Minister mincing words on meat tax

January 30, 2019

Climate change and health zealotry have merged in a call to ban meat:

A report by The Lancet Commission on Obesity, released on Monday, said a tax on red meat was an example of the urgent action needed to address the greatest threats “to human and planetary health” – obesity, under-nutrition and climate change.  . . 

The idea that a tax on red meat will reduce obesity is ludicrous.

Lean protein, of which red meat is a good source, plays a very important role in a healthy diet. It has a low glycemic index so satisfies for longer and therefore helps in helping people eat less over all.

A meat tax will increase the price, forcing people to look for cheaper alternatives which will have less nutritional value, more calories per gram and be less satisfying.

It will do the opposite of what the Commission wants – contribute to both obesity and under nutrition.

Associate Minister of Health Julie Anne Genter​ said the Government did not plan to tax red meat “at this stage”, but an increase in awareness about climate change was affecting people’s behaviour. 

No plan to tax ‘at this stage’? That’s mincing words when she needs to put a steak stake in the ground for the sake of people’s health and our trade in red meat which not only helps finance first-world necessities, it helps feed the world.

This point is well made by National’s Agriculture spokesman, Nathan Guy:

“The red meat sector is worth around $9 billion of exports. Over 25,000 New Zealanders are employed and will be horrified the Government is not ruling out taxing the red meat industry.  . . “

Our red meat production has one of the lowest environmental footprints in the world.

Even the UK Department for the Environment, Food and Rural Affairs admitted in a report which found Kiwi lamb is reared at such a low intensity that, even after shipping, it uses less energy.

Genter should be championing our chops, not casting the shadow of yet another virtue signaling tax over our food and farms.


Road toll too hard

January 4, 2019

Associate Transport Minister Julie Anne Genter says it will be decades before the road toll drops substantially:

The Government announced last month it would invest $1.4 billion in road safety upgrades over the next three years in an effort to reduce the road toll, which ended at 382 for last year.

But Genter says while she expects the number of deaths to come down over the next few years, it will be decades before the number drops significantly. . .

But National’s associate transport spokesperson, Brett Hudson, said the public should get more for the amount invested.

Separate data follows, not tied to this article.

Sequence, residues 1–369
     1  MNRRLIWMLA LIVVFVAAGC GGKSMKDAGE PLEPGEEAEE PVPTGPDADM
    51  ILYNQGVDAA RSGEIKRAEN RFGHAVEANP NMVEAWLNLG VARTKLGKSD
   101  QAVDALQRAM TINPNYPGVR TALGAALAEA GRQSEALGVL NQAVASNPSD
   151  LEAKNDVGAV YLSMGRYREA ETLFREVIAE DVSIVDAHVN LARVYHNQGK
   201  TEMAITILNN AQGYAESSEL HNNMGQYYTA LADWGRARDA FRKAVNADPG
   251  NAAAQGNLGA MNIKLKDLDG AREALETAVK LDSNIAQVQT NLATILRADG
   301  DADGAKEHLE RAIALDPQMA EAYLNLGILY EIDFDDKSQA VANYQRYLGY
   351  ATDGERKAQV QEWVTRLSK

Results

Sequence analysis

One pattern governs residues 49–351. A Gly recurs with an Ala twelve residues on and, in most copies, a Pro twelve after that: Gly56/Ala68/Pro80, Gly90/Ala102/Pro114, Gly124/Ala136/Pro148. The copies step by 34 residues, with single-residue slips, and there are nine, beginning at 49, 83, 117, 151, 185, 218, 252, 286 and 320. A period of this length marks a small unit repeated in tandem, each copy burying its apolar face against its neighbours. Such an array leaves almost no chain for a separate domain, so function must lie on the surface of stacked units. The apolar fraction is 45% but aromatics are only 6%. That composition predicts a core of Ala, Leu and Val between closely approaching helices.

“The immediate question is: What do we get for that $1.4b?

“Is the associate minister saying these things won’t save lives? Are they [the Coalition Government] prioritising that money in the right place, or do they not have confidence in what they can achieve?

“If we’re spending $1.4 billion but it’s going to take decades [to substantially reduce the road toll], the associate minister seems to be saying that $1.4b isn’t actually effective.

“Then shouldn’t she actually be doing something that is?”. . .

Putting fuel tax into roading improvements instead of cycle lanes and public transport would help.

Getting people off roads and onto bikes, buses and trains would reduce the road toll but most goods have to be transported by road, and cycle lanes and public transport are only the answer in some routes in some cities.

Like all people who live in the country, most of my driving is on the open road, from home to town.  In spite of the increase in population in our district, I can still do the return journey of nearly 40 kilometres without seeing more than a very few other vehicles until I get to the main road on the outskirts of Oamaru.

But major roads are much busier.

The state highways I use most often are north to Christchurch, south to Dunedin and west to Wanaka. All of them have far more traffic than there used to be and because of that every trip takes longer than it used to.

Longer trips with more traffic are more dangerous, especially when most of them are on two-lane roads with few passing lanes and without median barriers.

Why has Genter put reducing the road toll sooner into the too-hard basket when part of the solution is simple?

Redirecting money from cycle lanes and trains back into widening the roads, and adding passing lanes and median barriers would make more roads safer, sooner.

 

 


Do as they say not as they do

July 9, 2018

Minister for Women Julie Anne Genter wants more women on boards.